Cranberry growers tart on phosphorus

December 14, 2017

Source: Phys.org, 11/29/17.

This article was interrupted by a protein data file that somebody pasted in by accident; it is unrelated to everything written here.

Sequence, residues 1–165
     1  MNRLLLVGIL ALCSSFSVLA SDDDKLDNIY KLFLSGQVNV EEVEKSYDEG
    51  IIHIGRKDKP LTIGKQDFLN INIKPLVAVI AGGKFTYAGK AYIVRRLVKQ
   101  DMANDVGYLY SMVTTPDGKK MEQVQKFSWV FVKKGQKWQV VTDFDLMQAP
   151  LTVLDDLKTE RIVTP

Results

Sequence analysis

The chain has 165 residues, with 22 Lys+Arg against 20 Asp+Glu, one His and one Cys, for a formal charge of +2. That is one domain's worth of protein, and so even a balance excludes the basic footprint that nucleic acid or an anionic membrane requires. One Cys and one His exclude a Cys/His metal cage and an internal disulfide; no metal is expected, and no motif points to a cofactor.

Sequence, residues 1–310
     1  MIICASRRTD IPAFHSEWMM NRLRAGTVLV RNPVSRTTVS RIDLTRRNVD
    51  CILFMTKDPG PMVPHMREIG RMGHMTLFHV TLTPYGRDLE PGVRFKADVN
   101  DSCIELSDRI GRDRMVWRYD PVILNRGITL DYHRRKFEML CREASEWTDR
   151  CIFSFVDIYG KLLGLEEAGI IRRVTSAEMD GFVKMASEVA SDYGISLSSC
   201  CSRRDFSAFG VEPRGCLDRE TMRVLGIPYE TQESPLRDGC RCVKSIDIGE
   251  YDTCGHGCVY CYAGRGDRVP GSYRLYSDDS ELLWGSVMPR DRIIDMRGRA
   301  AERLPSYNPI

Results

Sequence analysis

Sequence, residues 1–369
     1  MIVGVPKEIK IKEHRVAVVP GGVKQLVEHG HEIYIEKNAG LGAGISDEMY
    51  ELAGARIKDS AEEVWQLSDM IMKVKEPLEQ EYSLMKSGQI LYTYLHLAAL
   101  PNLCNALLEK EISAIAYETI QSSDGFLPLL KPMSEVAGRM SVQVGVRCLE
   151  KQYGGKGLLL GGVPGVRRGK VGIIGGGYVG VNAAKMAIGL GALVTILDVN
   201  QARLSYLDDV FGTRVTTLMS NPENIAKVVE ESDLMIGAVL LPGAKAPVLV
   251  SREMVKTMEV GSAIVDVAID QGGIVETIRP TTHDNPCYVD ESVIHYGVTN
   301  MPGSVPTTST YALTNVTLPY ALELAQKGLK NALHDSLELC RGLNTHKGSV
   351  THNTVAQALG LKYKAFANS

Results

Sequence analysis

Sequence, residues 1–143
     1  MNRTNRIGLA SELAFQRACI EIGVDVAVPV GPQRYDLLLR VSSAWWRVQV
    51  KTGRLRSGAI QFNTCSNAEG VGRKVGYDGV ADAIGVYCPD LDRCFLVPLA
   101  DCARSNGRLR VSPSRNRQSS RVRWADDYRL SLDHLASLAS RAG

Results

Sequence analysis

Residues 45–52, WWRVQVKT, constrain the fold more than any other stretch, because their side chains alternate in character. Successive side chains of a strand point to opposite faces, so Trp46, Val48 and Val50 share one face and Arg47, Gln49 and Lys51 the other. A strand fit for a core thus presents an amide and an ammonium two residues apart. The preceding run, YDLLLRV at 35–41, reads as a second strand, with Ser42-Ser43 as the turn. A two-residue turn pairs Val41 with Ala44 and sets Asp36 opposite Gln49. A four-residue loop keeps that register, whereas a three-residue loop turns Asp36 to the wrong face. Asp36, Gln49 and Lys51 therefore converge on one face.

Phosphorus is an important nutrient that is often added to cranberry fields as a fertilizer. It is also naturally present in watery ecosystems. But too much causes algae to grow faster than ecosystems can handle. These large growths of algae, called algal blooms, can severely reduce or eliminate oxygen in the water. This leads to illness and death for large numbers of fish. These concerns led a team of Massachusetts-based researchers to study ways to reduce the amount of phosphorus leaving cranberry farms. The study was conducted by Casey Kennedy of the U.S. Department of Agriculture – Agricultural Research Service and colleagues at USDA-ARS and the University of Massachusetts.

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